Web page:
The paper aims at investigating the process of metaphor through which Richard Sennett delves into the evolution of public speaking across the centuries, with particular reference to religious rituals in Athens, public speeches in Rome and academic declamations in medieval Paris. The purpose is to emphasize the restricted relationship between the human body, daily life and communicative efforts, in a time lacking in electric media and amplification devices. The concept of cities as a «work of metaphor» inspiring Flesh and Stone (1994) stems from the human effort to mould urban systems in line with the idea of social functionality and linguistic efficiency. The endeavor of collective sociality matches the target of shared communication, in accordance with specific rhetoric strategies and symbolic paradigms: the Adonia festival in Athens, public orations in the Romanum Comitium, lectiones and disputationes in medieval Paris are three different kinds of institutionalized communication having been developed through the definition of thorough verbal rituals and behavioral gestures. Therefore, it is possible to interpret urban environments as the reflection of this oral sociability, insofar as the power of language may influence urban planning both for lay and religious matters. Cities can be considered as an astonishing process of metaphor referring to the connection between “flesh and words”: this is what Sennett’s socio-historical survey points out about public speaking across the centuries, in line with significant expressive and aesthetic processes.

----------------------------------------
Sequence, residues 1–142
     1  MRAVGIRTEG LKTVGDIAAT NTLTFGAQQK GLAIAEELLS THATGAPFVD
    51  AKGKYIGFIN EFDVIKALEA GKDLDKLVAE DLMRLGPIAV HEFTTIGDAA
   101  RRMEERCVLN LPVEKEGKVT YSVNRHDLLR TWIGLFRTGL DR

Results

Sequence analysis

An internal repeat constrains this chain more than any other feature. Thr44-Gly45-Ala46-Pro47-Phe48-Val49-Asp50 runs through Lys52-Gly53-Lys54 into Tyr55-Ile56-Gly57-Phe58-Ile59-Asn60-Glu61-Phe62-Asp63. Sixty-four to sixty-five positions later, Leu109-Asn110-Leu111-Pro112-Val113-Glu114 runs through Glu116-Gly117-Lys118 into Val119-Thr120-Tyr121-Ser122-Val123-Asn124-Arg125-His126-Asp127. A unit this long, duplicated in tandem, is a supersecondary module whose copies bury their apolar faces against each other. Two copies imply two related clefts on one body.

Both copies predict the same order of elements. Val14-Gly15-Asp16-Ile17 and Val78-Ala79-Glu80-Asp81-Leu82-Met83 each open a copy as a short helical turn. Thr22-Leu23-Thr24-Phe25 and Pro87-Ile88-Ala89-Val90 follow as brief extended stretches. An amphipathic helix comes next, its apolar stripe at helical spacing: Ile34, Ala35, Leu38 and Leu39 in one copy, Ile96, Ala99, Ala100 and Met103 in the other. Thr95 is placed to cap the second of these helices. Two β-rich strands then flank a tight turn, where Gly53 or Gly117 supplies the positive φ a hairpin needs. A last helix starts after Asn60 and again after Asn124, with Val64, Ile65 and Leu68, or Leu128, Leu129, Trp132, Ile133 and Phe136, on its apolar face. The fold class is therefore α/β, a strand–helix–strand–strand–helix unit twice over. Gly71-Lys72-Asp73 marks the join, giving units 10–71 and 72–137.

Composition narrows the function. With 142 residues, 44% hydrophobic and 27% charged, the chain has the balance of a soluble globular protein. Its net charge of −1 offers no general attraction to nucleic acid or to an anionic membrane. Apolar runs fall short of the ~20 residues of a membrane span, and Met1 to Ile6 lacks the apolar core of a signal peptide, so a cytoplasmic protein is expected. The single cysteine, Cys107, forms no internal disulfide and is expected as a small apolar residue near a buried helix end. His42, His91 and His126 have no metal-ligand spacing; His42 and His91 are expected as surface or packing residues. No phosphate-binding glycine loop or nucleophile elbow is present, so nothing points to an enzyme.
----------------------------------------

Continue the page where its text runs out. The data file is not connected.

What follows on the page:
Metaphor work: Richard Sennett and the urban rhetoric of public speaking

Andrea Lombardinilo
2020

Abstract

The paper aims at investigating the process of metaphor through which Richard Sennett delves into the evolution of public speaking across the centuries, with particular reference to religious rituals in Athens, public speeches in Rome and academic declamations in medieval Paris. The purpose is to emphasize the restricted relationship between the human body, daily life and communicative efforts, in a time lacking in electric media and amplification devices. The concept of cities as a «work of metaphor» inspiring Flesh and Stone (1994) stems from the human effort to mould urban systems in line with the idea of social functionality and linguistic efficiency. The endeavor of collective sociality matches the target of shared communication, in accordance with specific rhetoric strategies and symbolic paradigms: the Adonia festival in Athens, public orations in the Romanum Comitium, lectiones and disputationes in medieval Paris are three different kinds of institutionalized communication having been developed through the definition of thorough verbal rituals and behavioral gestures. Therefore, it is possible to interpret urban environments as the reflection of this oral sociability, insofar as the power of language may influence urban planning both for lay and religious matters. Cities can be considered as an astonishing process of metaphor referring to the connection between “flesh and words”: this is what Sennett’s socio-historical survey points out about public speaking across the centuries, in line with significant expressive and aesthetic processes.
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Utilizza questo identificativo per citare o creare un link a questo documento: http://hdl.handle.net/11564/719682
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